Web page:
5 Best Practices for Tuning Nginx for Best Performance

Nginx is a lightweight and high-performance web server which is completely open-source. Currently, it is the second most popular web server after Apache running around 40% of the total websites online. It offers a wide variety of features such as load balancing, caching, and reverse proxy. Its event-driven architecture allows it to handle thousands of concurrent connections easily. This architecture makes it possible for Nginx to outperform its main competition, Apache.

For most cases NginX works well with the default settings. However, with a few tweaks in it’s configuration you can bring out the maximum performance Nginx has to offer. Why do we need this extra performance? Many surveys conducted by website owners have shown that poor performance can lead to loss of revenue and customers. A case study conducted by ecommerce companies has shown that for every 100ms increase in response time can result in 1% loss in revenue. You can see now how performance impacts your business. It has also been found out that the websites that load faster are preferred more by search engines such as Google. So having a faster website also plays a key role in SEO.

If you’re someone who has multiple websites running on Nginx, then this article is for you. All the tips mentioned in this article should help you optimize Nginx and get the best performance. Make sure to change or modify the server configurations only if you’ve already done it before. Because one small mistake can shut down your entire website or your business. In case you are not familiar with it, try to seek out professional help. You will find many system admins on freelancing websites such as Upwork or Fiverr who are willing to help you for a few bucks. However, if you already have some experience building web applications then changing Nginx configurations shouldn’t be a big issue to you. Let’s get started.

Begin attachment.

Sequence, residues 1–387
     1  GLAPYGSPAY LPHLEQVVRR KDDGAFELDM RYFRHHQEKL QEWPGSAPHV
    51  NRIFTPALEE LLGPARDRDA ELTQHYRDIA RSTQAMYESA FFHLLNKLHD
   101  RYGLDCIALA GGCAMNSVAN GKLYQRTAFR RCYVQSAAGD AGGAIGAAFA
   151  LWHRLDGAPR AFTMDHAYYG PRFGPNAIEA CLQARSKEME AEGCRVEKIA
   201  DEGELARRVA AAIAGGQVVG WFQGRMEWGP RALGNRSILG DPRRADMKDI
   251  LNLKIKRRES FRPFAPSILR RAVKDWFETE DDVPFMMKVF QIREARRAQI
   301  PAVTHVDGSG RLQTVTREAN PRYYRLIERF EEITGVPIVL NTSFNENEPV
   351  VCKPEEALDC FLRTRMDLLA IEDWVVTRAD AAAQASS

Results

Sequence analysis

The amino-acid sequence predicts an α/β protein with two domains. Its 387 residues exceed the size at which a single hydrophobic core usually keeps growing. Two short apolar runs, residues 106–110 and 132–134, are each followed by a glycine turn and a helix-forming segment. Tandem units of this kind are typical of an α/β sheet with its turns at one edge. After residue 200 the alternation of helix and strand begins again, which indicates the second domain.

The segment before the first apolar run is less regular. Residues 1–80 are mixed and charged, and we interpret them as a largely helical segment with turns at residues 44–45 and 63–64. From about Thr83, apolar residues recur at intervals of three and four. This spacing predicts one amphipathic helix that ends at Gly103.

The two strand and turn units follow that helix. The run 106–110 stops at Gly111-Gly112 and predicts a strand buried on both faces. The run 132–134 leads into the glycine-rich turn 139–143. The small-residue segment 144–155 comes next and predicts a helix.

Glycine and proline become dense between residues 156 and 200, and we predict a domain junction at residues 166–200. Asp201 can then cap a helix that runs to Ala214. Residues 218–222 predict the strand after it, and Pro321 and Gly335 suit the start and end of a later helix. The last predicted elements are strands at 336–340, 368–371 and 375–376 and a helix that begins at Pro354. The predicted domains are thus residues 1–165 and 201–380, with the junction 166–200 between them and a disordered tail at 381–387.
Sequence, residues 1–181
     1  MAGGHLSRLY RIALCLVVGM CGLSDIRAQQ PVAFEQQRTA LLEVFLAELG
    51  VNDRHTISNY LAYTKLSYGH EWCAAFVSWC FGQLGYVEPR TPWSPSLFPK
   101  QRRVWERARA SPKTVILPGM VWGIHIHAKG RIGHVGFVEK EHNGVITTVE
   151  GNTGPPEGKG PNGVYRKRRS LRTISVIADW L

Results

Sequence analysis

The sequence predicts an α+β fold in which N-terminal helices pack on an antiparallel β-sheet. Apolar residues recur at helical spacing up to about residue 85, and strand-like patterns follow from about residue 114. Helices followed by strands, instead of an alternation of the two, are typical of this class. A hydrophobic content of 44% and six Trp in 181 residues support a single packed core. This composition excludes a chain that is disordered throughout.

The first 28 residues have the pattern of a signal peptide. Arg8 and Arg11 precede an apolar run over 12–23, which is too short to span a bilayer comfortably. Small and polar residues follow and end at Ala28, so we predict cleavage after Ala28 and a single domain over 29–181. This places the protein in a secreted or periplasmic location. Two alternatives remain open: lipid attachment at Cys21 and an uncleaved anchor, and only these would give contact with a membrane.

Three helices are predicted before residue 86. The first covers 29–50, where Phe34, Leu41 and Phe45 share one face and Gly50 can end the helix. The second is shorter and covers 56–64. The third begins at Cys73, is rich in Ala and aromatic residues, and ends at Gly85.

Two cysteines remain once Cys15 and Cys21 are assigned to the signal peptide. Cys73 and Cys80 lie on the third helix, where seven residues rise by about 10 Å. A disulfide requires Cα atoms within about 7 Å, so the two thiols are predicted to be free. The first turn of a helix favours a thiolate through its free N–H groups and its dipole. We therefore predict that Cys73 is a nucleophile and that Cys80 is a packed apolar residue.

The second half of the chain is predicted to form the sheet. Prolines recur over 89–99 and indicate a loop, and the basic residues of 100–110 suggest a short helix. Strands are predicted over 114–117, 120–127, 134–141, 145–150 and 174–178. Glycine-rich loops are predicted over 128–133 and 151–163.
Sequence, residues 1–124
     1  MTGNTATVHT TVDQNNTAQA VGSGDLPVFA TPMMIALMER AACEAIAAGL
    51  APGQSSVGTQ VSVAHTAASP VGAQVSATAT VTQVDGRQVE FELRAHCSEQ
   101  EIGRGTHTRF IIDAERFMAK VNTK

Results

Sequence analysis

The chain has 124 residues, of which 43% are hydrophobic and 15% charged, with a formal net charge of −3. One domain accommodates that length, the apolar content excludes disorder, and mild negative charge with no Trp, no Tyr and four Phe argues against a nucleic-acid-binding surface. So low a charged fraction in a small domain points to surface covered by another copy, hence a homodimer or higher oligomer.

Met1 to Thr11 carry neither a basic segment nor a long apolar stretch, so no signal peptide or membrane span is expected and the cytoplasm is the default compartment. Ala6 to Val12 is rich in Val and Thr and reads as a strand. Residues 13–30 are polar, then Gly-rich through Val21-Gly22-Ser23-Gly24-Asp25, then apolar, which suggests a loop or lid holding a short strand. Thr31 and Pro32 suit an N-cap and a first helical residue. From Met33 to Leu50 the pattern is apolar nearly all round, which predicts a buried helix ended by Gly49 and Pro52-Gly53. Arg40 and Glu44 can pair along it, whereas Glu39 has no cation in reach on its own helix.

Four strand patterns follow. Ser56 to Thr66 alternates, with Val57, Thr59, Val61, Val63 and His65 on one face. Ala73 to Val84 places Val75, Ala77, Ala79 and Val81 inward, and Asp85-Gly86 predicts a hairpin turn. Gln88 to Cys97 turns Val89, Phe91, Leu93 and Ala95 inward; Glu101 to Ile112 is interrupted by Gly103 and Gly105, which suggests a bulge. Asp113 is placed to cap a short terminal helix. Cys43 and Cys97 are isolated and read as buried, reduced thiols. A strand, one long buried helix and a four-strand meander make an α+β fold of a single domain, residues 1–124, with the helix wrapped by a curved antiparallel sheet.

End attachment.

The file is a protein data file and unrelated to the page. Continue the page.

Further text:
Content Compressions

Content compression is a major factor when it comes to performance. It can save you a lot of bandwidth costs and can also reduce the response time of your web application. When a web browser sends a request to a web server, the webserver does not directly send the web page in raw bytes to the browser. Instead, it compresses the page into small chunks and then sends it to the browser. The browser then decodes these chunks, combines them together and you get the original web page. This is how most modern web browsers and web servers work.